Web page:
Amusement Park Accidents and Liability


The US Consumer Product Safety Commission’s report of amusement park ride-related deaths and injuries that required emergency room treatment states that in 2002, the most recent year listed, approximately 3,000 injuries were caused by rides and approximately 2,500 injuries were caused by inflatable items such as slides and bounces. Between 1997 and 2002, there were about 5 deaths per year.

Other sources estimate that the number of injuries and deaths is much higher and may be as high as 11,000 injuries per year, and that this figure is increasing.

Injury Statistics:

50.6% of all injuries occur to children, especially those between 10-14 years old (17.9%).
Females (60.8%) are injured 1.5 times more often than males (39.2%) irrespective of age and sites.
Who pays for damages? If an amusement park visitor gets injured, he/she may be entitled to monetary compensation from the park owner. The size of any compensation depends on the seriousness of the injury and on possible state rules regarding any possible fault on the part of the visitor. Guidelines for liability are set forth below, but you should always contact a personal injury lawyer in your local area if you need specific legal advice.

There are four possible bases for liability:

Negligence (lack of reasonable care): Negligence may be found if the ride was not in a safe condition, improperly maintained or inspected. Negligence may also be present if a park employee gave the visitor improper instructions, failed to provide proper warnings about the dangers of the ride, or operated the ride in such a way that the visitor was hurt. Employers are responsible for the actions of the employees, so injured visitors can sue the park owner if an employee fails to use reasonable care.

Most states have laws requiring amusement parks to take certain strict safety precautions. If a park does not do so, there will be a legal presumption that the park operated negligently, which makes it easer to prove a claim against the park.

In some states, owners and operators are not automatically insurers of the safety of park visitors. Therefore, they will only be liable when it can be proved that they acted negligently.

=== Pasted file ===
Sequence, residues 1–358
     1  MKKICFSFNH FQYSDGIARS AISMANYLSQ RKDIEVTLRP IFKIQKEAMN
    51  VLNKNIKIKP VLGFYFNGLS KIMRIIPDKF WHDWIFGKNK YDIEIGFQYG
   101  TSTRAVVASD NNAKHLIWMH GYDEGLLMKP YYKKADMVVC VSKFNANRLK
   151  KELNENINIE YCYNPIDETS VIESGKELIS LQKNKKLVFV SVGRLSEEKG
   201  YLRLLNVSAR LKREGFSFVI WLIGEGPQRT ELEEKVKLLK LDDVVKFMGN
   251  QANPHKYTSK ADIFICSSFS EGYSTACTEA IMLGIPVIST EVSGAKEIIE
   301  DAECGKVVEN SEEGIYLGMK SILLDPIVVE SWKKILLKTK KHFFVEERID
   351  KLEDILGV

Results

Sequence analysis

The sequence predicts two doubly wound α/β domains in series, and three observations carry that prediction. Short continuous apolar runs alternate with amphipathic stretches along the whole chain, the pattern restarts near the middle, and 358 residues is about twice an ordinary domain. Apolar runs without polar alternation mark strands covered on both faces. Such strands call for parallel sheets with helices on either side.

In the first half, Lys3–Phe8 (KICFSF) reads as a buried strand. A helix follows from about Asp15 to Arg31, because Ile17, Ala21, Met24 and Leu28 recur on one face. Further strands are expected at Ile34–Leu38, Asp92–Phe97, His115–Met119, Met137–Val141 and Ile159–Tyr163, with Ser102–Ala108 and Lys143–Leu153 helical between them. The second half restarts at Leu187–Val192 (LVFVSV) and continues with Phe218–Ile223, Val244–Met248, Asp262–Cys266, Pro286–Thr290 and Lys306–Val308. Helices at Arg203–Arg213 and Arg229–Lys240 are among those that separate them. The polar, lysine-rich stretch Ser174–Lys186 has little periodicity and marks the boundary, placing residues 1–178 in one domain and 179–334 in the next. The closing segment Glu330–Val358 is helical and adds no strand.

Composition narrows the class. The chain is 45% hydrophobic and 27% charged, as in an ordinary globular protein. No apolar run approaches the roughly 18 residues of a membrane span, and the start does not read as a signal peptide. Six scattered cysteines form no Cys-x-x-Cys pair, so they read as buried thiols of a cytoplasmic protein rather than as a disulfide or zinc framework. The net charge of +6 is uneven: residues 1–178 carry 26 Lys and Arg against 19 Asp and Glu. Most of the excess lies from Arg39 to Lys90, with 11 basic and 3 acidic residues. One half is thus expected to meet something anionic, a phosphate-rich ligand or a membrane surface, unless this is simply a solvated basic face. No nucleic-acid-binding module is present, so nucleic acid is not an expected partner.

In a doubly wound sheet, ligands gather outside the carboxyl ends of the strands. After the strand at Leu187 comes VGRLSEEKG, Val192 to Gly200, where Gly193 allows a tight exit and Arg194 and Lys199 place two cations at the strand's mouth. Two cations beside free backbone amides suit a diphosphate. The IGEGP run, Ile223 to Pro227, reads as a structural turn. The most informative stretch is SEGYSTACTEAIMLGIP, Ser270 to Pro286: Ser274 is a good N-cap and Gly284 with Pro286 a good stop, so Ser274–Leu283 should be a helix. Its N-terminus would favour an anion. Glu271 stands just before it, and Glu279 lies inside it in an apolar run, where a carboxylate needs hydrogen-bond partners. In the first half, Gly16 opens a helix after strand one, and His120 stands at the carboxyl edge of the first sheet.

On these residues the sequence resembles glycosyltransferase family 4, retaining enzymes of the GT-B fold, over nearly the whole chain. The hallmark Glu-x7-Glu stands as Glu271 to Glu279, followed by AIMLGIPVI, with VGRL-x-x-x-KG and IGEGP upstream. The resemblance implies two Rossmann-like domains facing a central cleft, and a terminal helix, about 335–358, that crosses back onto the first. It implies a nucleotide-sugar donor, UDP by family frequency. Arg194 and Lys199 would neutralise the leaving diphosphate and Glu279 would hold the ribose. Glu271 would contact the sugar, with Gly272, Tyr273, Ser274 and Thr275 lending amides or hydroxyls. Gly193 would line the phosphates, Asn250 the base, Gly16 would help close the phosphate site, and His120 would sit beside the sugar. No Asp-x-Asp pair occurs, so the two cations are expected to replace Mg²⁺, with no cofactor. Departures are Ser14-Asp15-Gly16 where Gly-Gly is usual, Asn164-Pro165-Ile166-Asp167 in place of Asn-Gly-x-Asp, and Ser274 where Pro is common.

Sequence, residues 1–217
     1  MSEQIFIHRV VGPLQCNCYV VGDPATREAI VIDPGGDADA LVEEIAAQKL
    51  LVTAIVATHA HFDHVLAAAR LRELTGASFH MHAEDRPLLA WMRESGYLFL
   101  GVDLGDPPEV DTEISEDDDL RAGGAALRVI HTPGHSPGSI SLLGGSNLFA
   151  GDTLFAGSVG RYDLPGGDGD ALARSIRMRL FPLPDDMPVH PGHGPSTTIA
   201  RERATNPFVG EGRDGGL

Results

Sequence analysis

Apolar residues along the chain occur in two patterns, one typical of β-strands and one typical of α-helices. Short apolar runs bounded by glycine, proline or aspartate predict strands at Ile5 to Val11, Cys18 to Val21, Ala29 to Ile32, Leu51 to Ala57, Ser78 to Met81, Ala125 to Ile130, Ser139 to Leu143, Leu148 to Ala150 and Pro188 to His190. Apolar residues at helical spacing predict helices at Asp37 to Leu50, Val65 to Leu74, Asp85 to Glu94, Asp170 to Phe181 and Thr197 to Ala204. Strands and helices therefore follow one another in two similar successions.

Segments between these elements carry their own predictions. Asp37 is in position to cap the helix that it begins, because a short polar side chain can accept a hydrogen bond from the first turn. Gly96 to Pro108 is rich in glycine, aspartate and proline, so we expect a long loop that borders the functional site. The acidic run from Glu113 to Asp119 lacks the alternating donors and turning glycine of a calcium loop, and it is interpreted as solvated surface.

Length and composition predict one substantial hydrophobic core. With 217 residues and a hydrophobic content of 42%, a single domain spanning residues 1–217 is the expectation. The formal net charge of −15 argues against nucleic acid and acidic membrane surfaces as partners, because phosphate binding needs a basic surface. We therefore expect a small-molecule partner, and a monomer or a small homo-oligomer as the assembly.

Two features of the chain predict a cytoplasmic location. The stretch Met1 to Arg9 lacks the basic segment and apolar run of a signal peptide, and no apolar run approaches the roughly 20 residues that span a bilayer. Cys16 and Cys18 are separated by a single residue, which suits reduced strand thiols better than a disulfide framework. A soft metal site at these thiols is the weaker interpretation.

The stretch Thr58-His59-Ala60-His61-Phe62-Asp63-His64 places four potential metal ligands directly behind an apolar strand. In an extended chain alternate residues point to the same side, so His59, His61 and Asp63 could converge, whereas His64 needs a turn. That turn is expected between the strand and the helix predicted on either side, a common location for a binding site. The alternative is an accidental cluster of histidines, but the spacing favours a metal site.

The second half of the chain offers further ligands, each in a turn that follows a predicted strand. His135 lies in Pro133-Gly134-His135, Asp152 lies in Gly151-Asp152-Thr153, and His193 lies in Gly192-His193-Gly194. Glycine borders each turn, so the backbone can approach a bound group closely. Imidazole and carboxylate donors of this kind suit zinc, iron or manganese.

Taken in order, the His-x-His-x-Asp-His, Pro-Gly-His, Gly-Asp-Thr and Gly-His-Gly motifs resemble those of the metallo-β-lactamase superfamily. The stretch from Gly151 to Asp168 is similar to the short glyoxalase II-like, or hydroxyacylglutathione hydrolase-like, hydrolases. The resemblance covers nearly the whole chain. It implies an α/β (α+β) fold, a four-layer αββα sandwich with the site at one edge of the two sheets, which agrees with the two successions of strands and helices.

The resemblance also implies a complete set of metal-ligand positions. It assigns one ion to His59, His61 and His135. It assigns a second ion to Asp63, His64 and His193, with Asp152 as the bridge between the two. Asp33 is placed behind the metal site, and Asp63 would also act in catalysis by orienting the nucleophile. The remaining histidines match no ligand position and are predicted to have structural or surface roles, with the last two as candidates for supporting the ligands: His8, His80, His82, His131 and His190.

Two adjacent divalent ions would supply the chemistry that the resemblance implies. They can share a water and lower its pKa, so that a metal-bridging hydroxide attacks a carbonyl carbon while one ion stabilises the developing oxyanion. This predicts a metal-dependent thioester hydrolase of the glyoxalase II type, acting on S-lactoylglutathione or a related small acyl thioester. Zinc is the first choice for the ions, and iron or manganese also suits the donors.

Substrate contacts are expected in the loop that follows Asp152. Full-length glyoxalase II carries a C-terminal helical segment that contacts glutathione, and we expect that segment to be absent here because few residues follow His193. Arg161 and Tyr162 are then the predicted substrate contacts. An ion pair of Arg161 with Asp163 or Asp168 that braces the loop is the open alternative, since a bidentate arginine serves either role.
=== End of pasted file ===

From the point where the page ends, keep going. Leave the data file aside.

Product liability: Product liability may be found if a ride was so inherently dangerous that proper maintenance, inspection and use could not have prevented the injury. An injured person may sue both the manufacturer and the park, but to win, he/she must show that the manufacturer could have used an alternative design that would have prevented the injury, which obviously is both difficult and expensive to do. In addition, the person suing must also show that the park owner failed to use reasonable care when deciding to have the ride at all.

Another hurdle is that a court may find that a person assumed the risk in using the ride, and that it is unrealistic to expect manufacturers to take all sorts of precautions to make a ride 100% safe.

Premises liability: Property owners must exercise reasonable care in the construction, management and maintenance of all grounds and facilities. Failure to do so will make the owner liable for injuries suffered by people invited onto the property for business purposes, such as a park visitor. Even open and obvious dangers may result in liability.

Wrongful death: This is a death due to the careless, reckless or negligent act of another. Recent cases where an amusement park caused the death of a visitor have resulted in more than $1 million in settlements and damages.